Organizational leadership sets the standard for ethical conduct in the workplace. Christianity’s “Golden Rule” was used by William H. (Bill) Carris, owner of the Carris Financial Corporation (CFC), as the central ethical principle in his Long Term Plan (UP), describing the transition to 100% employee-ownership and governance…
A rapidly expanding entrepreneurial company, the Carris firm is—by its owner’s design—gradually becoming an employee-owned and-directed organization…
Teamwork—a sense of shared responsibility for success—percolates throughout Scot Forge, the largest open die shop in North America. That means hard work, the willingness to pitch in where help is needed and to build a non-traditional organizational culture…
This chapter describes how ESOP companies can align expectations and build a culture of ownership; reprinted from “Selling to an ESOP, Sixth Edition.”
Explores the raising of capital to finance the growth of a spinoff business from Corbin-Pacific, a leader in motorcycle accessories.
In 1994 United Airlines became the largest employee majority-owned enterprise in the United States, with various groups of employees – most represented by unions – having purchased 55% of its stock in exchange for various concessions. The employees accepted pay cuts and made other concessions, but were also granted representation on the company’s board of directors…[newline]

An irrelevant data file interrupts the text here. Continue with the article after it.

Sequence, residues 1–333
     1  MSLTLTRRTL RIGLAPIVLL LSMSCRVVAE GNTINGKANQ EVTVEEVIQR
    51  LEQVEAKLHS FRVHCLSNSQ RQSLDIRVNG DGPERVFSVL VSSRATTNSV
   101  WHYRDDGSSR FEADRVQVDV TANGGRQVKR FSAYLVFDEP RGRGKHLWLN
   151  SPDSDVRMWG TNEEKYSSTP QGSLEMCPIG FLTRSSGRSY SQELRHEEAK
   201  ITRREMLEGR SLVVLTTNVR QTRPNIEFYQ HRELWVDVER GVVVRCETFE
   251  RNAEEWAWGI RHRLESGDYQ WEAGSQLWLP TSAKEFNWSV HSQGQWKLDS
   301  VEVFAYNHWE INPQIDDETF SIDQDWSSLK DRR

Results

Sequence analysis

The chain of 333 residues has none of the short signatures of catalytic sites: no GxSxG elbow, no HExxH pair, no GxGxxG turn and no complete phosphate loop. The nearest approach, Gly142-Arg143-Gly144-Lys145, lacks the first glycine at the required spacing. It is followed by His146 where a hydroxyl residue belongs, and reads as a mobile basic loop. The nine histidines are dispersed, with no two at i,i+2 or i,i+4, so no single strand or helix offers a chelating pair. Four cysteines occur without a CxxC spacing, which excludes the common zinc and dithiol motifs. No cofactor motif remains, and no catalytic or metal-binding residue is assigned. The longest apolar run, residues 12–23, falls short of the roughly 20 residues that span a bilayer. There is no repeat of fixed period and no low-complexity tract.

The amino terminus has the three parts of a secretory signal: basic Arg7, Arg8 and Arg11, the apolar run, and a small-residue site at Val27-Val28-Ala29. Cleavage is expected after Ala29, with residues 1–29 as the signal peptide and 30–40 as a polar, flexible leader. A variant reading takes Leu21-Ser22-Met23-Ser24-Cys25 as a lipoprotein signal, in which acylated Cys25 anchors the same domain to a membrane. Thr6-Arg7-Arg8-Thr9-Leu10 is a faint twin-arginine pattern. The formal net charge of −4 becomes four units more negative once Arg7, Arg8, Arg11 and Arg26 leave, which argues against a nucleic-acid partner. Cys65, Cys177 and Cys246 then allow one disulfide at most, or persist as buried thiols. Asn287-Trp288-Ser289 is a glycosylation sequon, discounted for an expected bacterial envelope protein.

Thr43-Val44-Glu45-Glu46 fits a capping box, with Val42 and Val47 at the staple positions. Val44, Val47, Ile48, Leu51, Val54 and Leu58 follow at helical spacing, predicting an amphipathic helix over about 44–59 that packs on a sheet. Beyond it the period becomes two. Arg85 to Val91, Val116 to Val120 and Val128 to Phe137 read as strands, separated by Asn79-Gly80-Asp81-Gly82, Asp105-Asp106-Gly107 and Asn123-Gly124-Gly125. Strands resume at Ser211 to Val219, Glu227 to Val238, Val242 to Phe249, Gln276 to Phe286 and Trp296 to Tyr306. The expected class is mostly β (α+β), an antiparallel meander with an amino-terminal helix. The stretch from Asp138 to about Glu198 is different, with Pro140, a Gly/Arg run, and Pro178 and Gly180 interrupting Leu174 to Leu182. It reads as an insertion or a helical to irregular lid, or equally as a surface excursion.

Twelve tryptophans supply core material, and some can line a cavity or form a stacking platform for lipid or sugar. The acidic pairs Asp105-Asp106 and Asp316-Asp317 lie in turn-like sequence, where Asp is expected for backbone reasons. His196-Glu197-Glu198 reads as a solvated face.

Southwest Airlines has created a culture where employees are treated as the company’s number one asset.
For several years, William H. (Bill) Carris (President and CEO) looked for ways to bring employees into the business. From the beginning Michael (Mike) Curran (Vice-President and COO) had been not in favor of implementing short-term incentives at that time. But having worked with Bill for 20 years, Mike knew when Bill’s mind was set on proceeding…
Young presents a model of what is required for effective employee ownership. It was derived from a long-term study of ESOP firms. A major finding was that those that were the highest on participation outperformed the ones lowest by 11-17%. She goes on to state that it’s the combining of ownership and participation that generates … Read More
Previous research on employee-owned organizations has been limited in time frame and in the outcomes examined, which have been primarily attitudinal measures. This study examined the effects of an employee ownership program on employee attitudes and actual turnover behavior over an extended time period.
The concept of workplace democracy has long been vitally important to theorists and activists of the democratic Left. The author here tests some of the claims made for this system, asking: Do such alternative forms of work organization really decrease workers’ sense of alienation? Does participation in a democratic, cooperatively run business encourage political participation? Does such a workplace foster class consciousness as a strategy for superseding capitalism?